Removing the lid of the coffin was just the start. Now there was the problem of removing the damaged mummy from the lower half of the coffin. With the lid off we found that the right side piece, which had been held in place by the lid, was detached from the bottom of the coffin and could easily be removed. This meant that the mummy could be slid out, instead of trying to pick it up – good news because the assembly was very fragile. Even so, this was no small task, and it took four people to safely move him out of the coffin. Read more about How to Uncoffin a Mummy
Blogs & Videos: Collections
The very first mummy and coffin we treated for this project was that of Minirdis. We know his name from the hieroglyphs on the coffin. Read more about Opening the Coffin of Minirdis
Traveling exhibits pose a challenge for museums, especially when particularly fragile objects such as mummies are involved. We want to share our objects and what we’ve found out about them with people outside the museum, but transporting the objects to other museums involves all kinds for risks – traffic accidents, malfunctioning forklifts, road vibration, and freezing winters to name just a few. Read more about Introduction to the Conservation of "Mummies: Images of the Afterlife"
Chicago Ideas Week (CIW) is an innovative gathering of ideas and presentations to innovate and fuel new ways to look at the world. Past speakers include David Axelrod, Hillary Clinton, Naomi Judd, George Lucas and Reverend Al Sharpton. Invited to the 2014 CIW Edison Talks, Bill Stanley, Director of the Collections Center at the Field, used specimens to explain how study of the diverse and unique library of material housed at the Museum constantly re-defines our understanding of earth. Read more about The Field Museum Collections help define the "edges" of life on earth
Learn more about FMWIS intern Stephanie Alvarado, and her work at the N.W. Harris Learning Collection with experience boxes. Read more about Field Museum Women in Science (FMWIS) Internships 2014 -- Stephanie Alvarado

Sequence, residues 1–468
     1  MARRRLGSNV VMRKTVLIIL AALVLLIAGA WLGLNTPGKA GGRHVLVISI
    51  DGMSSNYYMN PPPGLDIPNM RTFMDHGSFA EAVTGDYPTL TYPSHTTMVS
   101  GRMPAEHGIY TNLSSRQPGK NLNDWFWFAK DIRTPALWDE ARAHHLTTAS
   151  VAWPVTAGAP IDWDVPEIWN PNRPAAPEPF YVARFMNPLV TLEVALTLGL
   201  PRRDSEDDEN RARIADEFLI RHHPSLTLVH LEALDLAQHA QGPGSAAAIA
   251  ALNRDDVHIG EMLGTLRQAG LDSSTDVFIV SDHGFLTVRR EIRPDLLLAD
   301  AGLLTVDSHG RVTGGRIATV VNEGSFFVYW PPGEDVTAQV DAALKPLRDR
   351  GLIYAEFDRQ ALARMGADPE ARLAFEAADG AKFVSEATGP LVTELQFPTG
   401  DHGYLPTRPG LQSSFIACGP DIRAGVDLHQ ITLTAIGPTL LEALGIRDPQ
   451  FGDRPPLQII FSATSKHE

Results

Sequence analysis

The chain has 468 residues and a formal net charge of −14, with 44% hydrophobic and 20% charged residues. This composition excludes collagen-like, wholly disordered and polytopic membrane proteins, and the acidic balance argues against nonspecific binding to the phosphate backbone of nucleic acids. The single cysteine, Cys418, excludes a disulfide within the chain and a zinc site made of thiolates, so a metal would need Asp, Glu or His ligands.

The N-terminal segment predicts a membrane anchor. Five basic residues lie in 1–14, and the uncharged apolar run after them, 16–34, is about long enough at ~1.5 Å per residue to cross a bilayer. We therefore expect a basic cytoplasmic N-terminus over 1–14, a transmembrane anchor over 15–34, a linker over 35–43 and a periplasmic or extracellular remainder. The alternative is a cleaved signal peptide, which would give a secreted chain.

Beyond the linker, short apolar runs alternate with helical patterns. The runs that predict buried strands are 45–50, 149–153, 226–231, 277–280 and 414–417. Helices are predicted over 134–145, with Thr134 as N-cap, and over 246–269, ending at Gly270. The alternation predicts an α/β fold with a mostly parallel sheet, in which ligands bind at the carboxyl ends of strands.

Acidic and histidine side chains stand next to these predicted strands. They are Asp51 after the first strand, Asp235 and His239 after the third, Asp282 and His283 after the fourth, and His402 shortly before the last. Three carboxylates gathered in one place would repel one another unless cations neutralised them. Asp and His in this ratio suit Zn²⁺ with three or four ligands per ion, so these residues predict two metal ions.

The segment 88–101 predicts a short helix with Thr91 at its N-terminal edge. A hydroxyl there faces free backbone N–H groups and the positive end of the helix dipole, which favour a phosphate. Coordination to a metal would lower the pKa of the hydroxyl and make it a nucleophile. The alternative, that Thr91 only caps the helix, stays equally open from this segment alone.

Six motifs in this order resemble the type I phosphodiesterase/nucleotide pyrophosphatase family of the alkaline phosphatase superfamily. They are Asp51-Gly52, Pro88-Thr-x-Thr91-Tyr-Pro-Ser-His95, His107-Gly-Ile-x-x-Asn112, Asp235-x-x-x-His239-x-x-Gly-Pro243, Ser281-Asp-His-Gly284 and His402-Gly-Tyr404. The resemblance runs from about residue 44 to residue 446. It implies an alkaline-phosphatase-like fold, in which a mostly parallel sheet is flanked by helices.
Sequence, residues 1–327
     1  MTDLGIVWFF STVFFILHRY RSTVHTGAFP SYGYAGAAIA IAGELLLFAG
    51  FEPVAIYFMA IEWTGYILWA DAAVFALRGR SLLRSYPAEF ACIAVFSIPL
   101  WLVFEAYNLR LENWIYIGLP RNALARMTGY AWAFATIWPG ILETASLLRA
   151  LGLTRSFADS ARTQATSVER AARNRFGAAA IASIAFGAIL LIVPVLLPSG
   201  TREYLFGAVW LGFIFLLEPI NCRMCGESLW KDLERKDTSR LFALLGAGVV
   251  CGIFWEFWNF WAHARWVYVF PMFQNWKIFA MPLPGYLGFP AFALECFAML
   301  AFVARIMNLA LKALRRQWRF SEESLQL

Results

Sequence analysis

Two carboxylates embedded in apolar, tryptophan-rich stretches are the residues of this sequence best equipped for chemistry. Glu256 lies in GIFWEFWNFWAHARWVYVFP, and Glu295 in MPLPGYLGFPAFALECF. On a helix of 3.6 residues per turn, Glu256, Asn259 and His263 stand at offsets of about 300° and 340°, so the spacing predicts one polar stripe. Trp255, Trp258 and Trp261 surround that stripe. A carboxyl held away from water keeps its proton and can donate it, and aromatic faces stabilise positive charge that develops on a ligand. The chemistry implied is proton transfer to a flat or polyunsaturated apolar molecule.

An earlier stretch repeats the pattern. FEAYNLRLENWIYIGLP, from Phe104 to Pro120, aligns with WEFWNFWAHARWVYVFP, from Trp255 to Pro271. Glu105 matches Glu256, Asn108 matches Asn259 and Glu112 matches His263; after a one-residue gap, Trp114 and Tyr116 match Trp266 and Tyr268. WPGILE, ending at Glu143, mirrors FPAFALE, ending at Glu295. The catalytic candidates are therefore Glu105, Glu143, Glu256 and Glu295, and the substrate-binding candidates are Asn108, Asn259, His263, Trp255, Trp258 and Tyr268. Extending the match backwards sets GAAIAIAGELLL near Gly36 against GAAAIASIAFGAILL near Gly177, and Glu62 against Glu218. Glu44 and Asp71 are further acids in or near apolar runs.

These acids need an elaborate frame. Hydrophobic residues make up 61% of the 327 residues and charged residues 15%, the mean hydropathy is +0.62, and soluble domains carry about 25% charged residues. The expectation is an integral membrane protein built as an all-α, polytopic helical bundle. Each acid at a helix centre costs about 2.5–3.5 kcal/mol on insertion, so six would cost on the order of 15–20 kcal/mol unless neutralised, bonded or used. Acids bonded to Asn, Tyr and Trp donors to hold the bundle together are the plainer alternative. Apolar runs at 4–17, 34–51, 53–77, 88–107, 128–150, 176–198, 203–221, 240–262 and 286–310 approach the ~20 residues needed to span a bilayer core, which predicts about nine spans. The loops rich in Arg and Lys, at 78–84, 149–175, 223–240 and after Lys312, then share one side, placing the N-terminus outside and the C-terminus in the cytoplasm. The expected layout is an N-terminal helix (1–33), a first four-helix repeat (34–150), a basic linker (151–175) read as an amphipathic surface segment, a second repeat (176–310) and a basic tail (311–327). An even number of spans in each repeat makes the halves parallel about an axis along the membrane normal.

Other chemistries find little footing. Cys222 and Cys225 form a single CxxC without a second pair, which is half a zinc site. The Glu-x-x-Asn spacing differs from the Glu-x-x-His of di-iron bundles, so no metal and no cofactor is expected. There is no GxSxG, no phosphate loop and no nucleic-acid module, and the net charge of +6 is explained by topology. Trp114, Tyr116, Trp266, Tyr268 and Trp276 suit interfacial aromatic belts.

Learn more about FMWIS intern Hannah Davis, and project, "Walking Lichens" and her main supervisors were Jim Boone and Robert Luecking, with subsequent supervisors being Allie Stone and Kelsey Keaton. She mainly worked in the Insect Collection, which holds over four-and-a-half million specimens. Hannah sifted through drawers of Praying Mantids, Katydids, Grasshoppers, Treehoppers, Walking Sticks, and Moths, looking for species which mimicked lichen. Her "mini-collection" consisted of 106 specimens belonging to 88 unique species. Read more about Field Museum Women in Science (FMWIS) Internships 2014 -- Hannah Davis
The last new species of bird to be described in the United States--in fact the first since the 19th century--was Gunnison Sage-Grouse (Centrocercus minimus), described to science in 2000 on the basis of behavioral, vocal, and morphological (size and plumage) differences from its larger, more widespread cousin, the Greater Sage-Grouse (Centrocercus urophasianus). Read more about Meet the newest species of bird in North America: A Gunnison Sage-Grouse specimen arrives in Chicago
So.... we've got all of these fish fossils. Now what? To the prep lab! Read more about Fossil Fish, PT. III: The Preparation
Weapons made with shark teeth from 100+ years ago are not only awesome, but they may also help us uncover clues about species distribution. Read more about Shark Weapons
There is a room in the back areas of the museum where specimens are placed in order for them to be cleaned. Read more about Are There Really Bugs That Eat Flesh?